1. A series of experiments is described in whichthe efficacy of vaccination with the vole acid-fast bacillus against tuberculosis in cattle has been studied. Various methods of vaccination have been tried and intravenous inoculation has proved to be the most satisfactory.
2. A single intravenous inoculation of 5 mg. of vole bacilli can raise the resistance of cattle to infection with the bovine bacillus to a high degree, this resistance being evidenced by a complete absence of infection or by a marked diminution in the severity of lesions following exposure to artificial or natural infection.
3. The resistance takes time to develop, reaches its maximum between 6 and 18 months after vaccination and then slowly wanes. The resistance induced by a single inoculation is of insufficient duration in many animals to warrant the practice of single vaccination being used in the field except in special circumstances.
4. Revaccination can intensify resistance provided that it is delayed until the end of the fourth week. A long-term experiment is being carried out to determine if revaccination, in addition to intensifying the initial resistance, can also lengthen its duration.
5. The degree of resistance set up in cattle is correlated with the virulence of the vaccinating strain of vole bacillus for its natural host. This fact will necessitate that any strain used for vaccine purposes will have to be maintained at a high level of virulence by repeated passage through its native host.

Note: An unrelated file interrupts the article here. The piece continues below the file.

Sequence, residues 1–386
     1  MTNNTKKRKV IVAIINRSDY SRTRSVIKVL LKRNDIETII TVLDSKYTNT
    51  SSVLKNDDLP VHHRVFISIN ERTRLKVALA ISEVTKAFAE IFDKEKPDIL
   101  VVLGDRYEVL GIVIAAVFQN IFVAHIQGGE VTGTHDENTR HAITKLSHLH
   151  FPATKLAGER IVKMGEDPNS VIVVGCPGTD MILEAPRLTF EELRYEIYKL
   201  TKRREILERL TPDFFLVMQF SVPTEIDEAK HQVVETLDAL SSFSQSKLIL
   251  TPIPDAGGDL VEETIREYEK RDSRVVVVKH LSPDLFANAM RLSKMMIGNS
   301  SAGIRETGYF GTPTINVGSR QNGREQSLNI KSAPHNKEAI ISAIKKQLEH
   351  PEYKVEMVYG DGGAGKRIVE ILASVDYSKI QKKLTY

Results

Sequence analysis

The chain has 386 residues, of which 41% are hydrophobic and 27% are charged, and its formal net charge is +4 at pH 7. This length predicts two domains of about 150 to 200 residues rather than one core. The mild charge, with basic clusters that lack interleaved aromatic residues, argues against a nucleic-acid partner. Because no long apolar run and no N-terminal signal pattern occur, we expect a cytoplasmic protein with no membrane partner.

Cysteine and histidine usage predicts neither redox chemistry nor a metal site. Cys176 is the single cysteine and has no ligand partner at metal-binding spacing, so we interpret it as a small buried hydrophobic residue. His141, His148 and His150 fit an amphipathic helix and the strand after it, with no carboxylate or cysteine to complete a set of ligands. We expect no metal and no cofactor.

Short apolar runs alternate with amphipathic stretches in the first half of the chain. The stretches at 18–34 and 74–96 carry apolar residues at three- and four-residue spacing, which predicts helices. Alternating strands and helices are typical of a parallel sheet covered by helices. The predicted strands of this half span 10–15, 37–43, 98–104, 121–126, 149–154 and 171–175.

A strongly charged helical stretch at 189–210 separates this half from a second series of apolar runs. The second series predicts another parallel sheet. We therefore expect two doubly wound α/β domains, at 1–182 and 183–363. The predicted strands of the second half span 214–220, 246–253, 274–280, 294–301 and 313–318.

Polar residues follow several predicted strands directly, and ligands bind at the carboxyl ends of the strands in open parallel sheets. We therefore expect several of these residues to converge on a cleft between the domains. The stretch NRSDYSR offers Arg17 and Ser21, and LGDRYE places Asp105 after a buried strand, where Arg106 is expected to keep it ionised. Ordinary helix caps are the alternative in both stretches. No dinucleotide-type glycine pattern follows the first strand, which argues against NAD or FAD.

6. Care is necessary in the selection of a strain of the vole bacillus for vaccine purposes, for we have encountered one strain, G564, which can set up a fatal infection in calves. Nothing has been noted which would contra-indicate the use of strain LV 285.
7. The histopathological changes pathognomic of tuberculous infection which follow the intravenous inoculation of vole bacilli are mainly confined to the lungs and thoracic glands. They reach their maximum about the 28th day and have undergone resolution by the 84th day.
8. The changes which occur in the cells of the reticulo-endothelial system following vaccination have been described. These changes must be taken into consideration in deciding the optimal time and dosage for revaccination and a further study of them is advisable.
Our thanks are due to Prof. T. Dalling for his unfailing interest in our work and for much helpful advice, and also io Dr A. Q. Wells for suppfyihg cultures of vole bacilli and for the loan of his multiple-puncture instrument. We are indebted to Dr V. D. Davies for painstaking examination of the joint lesions and to Dr J. R. M. Innes, who examined many histological sections of vole-inoculated animals and drew up a short report of which we have made much use. Mr V. L. Mastin was associated with us during part of the work and we gratefully acknowledge the help he gave. We also owe a deep debt of gratitude to our technical assistants, particularly Mr W. Nicholson and Mr C. Spurgeon, much of the routine bacteriological work being done by the former whilst the latter prepared the bulk of the histological sections. The local slaughterhouse officials of the Ministry of Food, particuiarfy Mr Bacchus, the slaughterhouse manager, and Mr C. Rose, the foreman slaughterman, have been most co-operative over the arrangements for the slaughter of many animals. Our thanks are also due to the farmers who allowed us to expose experimental animals to natural infection on their farms, and to these and other farmers who have placed their herds at our disposal for the purpose of field trials.
The cost of these investigations was met mainly by grants from the Agricultural Research Council, but partly from the funds of the Institute of Animal Pathology.